Teaching can be an Island; together, we can make an Archipelago By: Katelyn Kelsey, M.A., MEDL Educators—teachers, paraprofessionals, associated support providers, specialized teachers, and administrators—can feel lonely. Sometimes you’re on your own “island” in your classroom with your students and don’t see many adults. Administrators sometimes feel lonely at the top. Even with assistant principals,…
Reflections 37 Years Later: My First Year of TeachingMarch 28, 2023 | Post by : Jennifer
Reflections 37 Years Later: My First Year of Teaching
By: Jennifer Lichtsinn, Ph.D.
I’ve been a teacher for a long time. My first teaching assignment began on October 2, 1986. That’s right, 1986, before most of you reading this were born. I started teaching shortly before my 22nd birthday. By October, the school year had started, and the class dynamics were set in my third-grade classroom. I walked in, a brand-new teacher, eager to make a difference in these children’s lives. I had made it through student teaching and was ready to be that teacher that I’d always dreamed that I would be.
When I walked into my classroom, the classroom was already set up. I noted the piles of worksheets lining the counter tops under the windows. I noted the desks in straight rows. I noticed that the children did not believe in themselves. They saw themselves as “putting in the time” each day. They were not excited about learning. Most of the parents were not interested in what was happening and, even with a new teacher in the middle of first quarter. Few dropped in to meet me. As time when on, I had some difficulty with behavior issues. I sent a child to the office for a minor infraction. The child came back with a note “two swats administered.” I never sent another child to the office, lesson learned. I would need to develop my own ways to build a student-centered, positive environment for these children.
I began to change things in that room. I took down negatively worded posters from the walls, and had the children do artwork to decorate the room. I created a reading area for the children, and I started learning centers, which I used alternately with teacher directed groups and independent work. I allowed my children to express themselves and begin to do things that interested them. I even had a pet day when I allowed the children to bring in their pets. One girl brought in a pygmy goat to visit, and it stayed all day. She diligently cleaned up after the goat. Teachers around me thought I was out of my head to allow such things!
Even as I began changing the environment, I found myself with a reading curriculum that did not make sense. My students did not like books. They saw reading as a chore. I knew that I had learned to read by being read to by my parents. Frequent trips to the local library were a big part of my childhood. We had a reading curriculum, but the assessment system used nonsense words. Even as a first year teacher, I began to challenge these materials, insisting that children’s learning and assessment be based upon real content and especially not nonsense. I knew that children needed to read real, good quality books. I reached out to professional reading organizations. I brought in as many books as I could to build my classroom library.
That first year was TOUGH. I struggled with classroom management, helping my students get along and differentiating instruction for a variety of levels. At the time, I did not recognize that classroom management issues were at the center of my struggles, I just knew that it was difficult. I wasn’t sure that I was up to the task of being these third-grade students’ teacher. I tried various techniques, and I rearranged my students’ desks almost weekly. The internet was not around yet, so I read as much as I could. I did not want to burden my fellow teachers with my problems, but I should have reached out to them and asked them for help and guidance. I was assigned a mentor teacher in the grade level above me. She visited my class, observed me and gave me feedback on how to improve my lessons. I carefully analyzed her notes, making changes where needed. I leaned on her for guidance on the academic issues. I thought it was important, though, to be able to manage my difficult classroom on my own. I think that I thought that the other teachers would think less of me if I admitted my struggle. I wanted to be seen as a confident, ready-made teacher. I worked hard, continually working late, in the evenings and on the weekends. Yet, I struggled.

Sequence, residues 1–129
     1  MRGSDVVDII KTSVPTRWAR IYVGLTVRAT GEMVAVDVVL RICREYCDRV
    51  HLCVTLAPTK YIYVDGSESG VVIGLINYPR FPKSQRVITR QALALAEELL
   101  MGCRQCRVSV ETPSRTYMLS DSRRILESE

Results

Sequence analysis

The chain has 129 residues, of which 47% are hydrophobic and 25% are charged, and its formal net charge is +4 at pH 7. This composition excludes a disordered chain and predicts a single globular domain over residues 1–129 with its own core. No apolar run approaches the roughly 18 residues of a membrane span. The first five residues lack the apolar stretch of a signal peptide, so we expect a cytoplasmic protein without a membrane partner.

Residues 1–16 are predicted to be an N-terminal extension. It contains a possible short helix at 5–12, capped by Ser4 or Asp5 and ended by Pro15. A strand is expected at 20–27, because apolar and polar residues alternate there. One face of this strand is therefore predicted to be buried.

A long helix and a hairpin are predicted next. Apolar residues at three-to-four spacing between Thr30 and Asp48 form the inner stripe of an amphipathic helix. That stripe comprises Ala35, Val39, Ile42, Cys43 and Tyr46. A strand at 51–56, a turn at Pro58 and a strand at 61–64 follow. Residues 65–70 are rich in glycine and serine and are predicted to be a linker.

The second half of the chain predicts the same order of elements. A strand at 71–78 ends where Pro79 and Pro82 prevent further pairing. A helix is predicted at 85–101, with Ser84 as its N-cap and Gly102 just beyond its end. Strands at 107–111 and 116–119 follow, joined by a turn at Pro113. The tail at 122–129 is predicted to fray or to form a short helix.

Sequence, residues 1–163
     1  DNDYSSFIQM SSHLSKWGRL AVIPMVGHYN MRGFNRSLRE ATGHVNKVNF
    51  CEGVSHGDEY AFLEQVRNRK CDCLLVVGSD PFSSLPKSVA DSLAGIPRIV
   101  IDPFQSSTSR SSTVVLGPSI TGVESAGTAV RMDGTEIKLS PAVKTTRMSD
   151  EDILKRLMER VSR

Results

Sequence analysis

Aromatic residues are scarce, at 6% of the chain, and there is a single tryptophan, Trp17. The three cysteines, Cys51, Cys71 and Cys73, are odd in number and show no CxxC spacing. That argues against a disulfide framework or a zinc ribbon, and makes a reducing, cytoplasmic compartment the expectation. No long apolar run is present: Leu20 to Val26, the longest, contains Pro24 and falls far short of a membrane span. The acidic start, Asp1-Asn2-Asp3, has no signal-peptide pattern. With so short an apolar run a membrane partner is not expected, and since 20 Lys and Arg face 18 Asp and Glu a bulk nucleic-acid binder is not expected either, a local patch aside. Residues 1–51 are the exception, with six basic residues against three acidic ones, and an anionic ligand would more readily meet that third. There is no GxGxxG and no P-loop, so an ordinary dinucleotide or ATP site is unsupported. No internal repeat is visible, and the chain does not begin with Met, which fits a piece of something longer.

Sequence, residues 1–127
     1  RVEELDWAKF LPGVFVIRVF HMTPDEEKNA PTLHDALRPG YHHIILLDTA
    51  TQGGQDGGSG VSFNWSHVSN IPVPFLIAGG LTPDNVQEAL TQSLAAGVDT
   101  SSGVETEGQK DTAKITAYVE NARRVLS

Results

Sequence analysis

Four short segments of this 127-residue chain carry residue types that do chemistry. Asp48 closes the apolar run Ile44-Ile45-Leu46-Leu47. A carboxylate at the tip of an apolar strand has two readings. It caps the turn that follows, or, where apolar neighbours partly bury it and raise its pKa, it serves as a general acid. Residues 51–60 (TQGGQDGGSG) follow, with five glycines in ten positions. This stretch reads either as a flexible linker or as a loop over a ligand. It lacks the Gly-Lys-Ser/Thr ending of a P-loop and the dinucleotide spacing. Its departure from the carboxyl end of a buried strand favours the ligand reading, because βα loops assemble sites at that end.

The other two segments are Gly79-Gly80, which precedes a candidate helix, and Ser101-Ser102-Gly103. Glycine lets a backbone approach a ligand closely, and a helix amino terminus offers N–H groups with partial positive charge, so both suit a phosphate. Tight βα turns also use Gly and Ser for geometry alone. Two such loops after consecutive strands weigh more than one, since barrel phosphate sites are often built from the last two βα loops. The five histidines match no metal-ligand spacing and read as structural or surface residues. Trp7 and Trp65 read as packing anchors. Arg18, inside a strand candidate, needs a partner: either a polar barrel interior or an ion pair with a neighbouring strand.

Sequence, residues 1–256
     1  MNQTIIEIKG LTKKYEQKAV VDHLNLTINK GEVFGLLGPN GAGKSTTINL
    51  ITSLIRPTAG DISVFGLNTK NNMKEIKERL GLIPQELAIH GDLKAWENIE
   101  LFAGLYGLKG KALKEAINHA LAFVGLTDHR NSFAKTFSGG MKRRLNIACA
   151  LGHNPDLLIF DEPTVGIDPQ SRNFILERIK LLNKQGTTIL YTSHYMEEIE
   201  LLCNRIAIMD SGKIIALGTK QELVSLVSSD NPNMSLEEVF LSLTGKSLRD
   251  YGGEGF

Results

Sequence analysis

Around Thanksgiving, I caught pneumonia. I was really ill. I went to a doctor who to told me to ‘work if I felt like it’ so, of course, I took no time off. By the middle of December, I was really very ill. I finally took some time off (during which I drove the school secretary batty having her relay messages to my substitute teacher about every little thing). When I returned, I dove in, working harder than ever. Winter break happened. At the end of the break, I told my husband that I was worn out and could not go back. He gently reminded that I had signed a contract and would be expected to return.
And so, I returned. Things got better. I re-enrolled in college, in a master’s program, thinking that if I was to try to change the reading curriculum, I would need to know the research. Working on my master’s degree gave me new, educated, and interested teaching peers. They re-energized my teaching.
In the years that followed, I have followed a similar pattern, whenever I start to feel diminished in my practice, I learn something new, try a new approach and read, read, read. This has allowed me to continue to thrive in my job. My early teaching days are long past, but somethings, like good, quality, real books, has remained an important focus for me.
My advice to new teachers is this: reach out to others for support. Find out what fuels you and feeds your soul. Know that you aren’t alone. The first year is tricky – but you can do it!